Rhythm: The Most Important Element of Music!

Piano Lessons / music theory / Rhythm: The Most Important Element of Music!

Welcome to LivingPianos.com, I’m Robert Estrin. Today’s subject is about the most important element of music: rhythm. Is rhythm really the most important aspect of music? What about the notes? Well, think of it this way: Let’s say there’s a party and you know where the party is. You know it’s a birthday party for your friend. You know whether you’re supposed to bring presents or not, and what the activities are going to be. But if you don’t know when the party is, guess what? No party!

You need to know the when!

Imagine hearing a piece of music with no rhythm, all the notes played equally. Would you even be able to identify the piece? it would sound drastically different without the rhythmic component. But hearing the same exact notes with a rhythmic context sounds completely different. Rhythm is so intrinsically important! Of course there are many elements that are important, but without rhythm, what do you have? You really have nothing unless you put it in some context of time. It’s human nature because our entire experience is based upon the element of time. We go through life in a linear fashion, after all. It’s the way we relate to everything! You could play all the notes of a piece, but it’s meaningless if you don’t have a rhythmic context. That’s why it’s so vitally important in your practice to count out your rhythm.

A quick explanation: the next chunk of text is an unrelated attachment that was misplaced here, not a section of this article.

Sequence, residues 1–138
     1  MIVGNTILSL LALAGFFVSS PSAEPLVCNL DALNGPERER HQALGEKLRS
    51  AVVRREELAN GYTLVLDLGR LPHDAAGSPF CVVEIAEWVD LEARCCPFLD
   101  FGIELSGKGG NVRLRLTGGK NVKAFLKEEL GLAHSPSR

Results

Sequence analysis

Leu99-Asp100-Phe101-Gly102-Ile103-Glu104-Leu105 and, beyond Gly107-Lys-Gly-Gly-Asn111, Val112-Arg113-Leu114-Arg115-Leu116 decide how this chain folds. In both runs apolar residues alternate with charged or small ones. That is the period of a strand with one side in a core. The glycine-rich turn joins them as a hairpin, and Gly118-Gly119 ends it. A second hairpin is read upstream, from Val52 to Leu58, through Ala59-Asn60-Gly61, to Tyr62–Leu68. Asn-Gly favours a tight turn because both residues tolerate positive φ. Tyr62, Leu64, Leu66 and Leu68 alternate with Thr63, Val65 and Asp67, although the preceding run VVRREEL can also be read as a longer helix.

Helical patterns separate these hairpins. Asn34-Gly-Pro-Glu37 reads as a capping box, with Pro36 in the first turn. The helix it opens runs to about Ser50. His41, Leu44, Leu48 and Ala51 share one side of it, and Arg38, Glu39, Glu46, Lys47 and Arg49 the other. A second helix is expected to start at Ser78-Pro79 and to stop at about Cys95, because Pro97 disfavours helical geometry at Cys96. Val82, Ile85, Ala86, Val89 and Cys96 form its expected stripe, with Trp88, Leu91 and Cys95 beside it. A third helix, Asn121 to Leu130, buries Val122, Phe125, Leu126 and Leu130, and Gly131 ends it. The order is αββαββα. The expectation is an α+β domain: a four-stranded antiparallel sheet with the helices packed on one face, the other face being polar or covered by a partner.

Composers weren’t haphazard about rhythmic notation.

Things were written precisely for a reason. Because without the rhythm, Beethoven’s Fifth Symphony doesn’t sound like much of anything. This is true of all music. I encourage all of you to count in your practice, to measure your rhythm with a metronome, and double and triple check note values as well as rests. That’s what brings music alive and gives it meaning. This is such an important topic. I’m curious how all of you feel about this! Let me know in the comments. Thanks so much for joining me, Robert Estrin here at LivingPianos.com, Your Online Piano Resource.

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7 thoughts on “Rhythm: The Most Important Element of Music!”

    1. Try setting the metronome more slowly. You will gain tremendous security in your playing with a metronome since none of us possess a perfect internal clock.

  1. Hi Robert,
    After many years (my maths has never been good), I still find counting difficult bars a massive problem for me. When I sus out a bar that makes sense, another bar doesn’t seem to add up to the time signature, although I work it out from similar note values from the previous bar, but what is left over doesn’t amount to the time signature! I get so frustrated with this and it has always hindered me but manage because I know the rhythm well by the time of a concert. Is this a kind of poetic licence??? Please can you help me how to conquer this terrible problem.

    Kind regards and I love listening to you.

    1. Getting in the habit of counting each hand separately, a phrase at a time, while clapping the rhythm is incredibly helpful for understanding rhythm. For complex rhythms, drawing in lines where the beats (or beats with ands) fall can clarify things for you.

  2. In his book on Music Theory, Arnold Schoenberg provides only one chapter on rhythm–only 2-1/2 pages, and says rhythm is the least important of the elements of music…

    1. There is a mathematical perfection to 12-tone music. In the later 12-tone music of Webern and others, rhythm too became serialized, meaning that note values (not just pitches) are systematically randomized.

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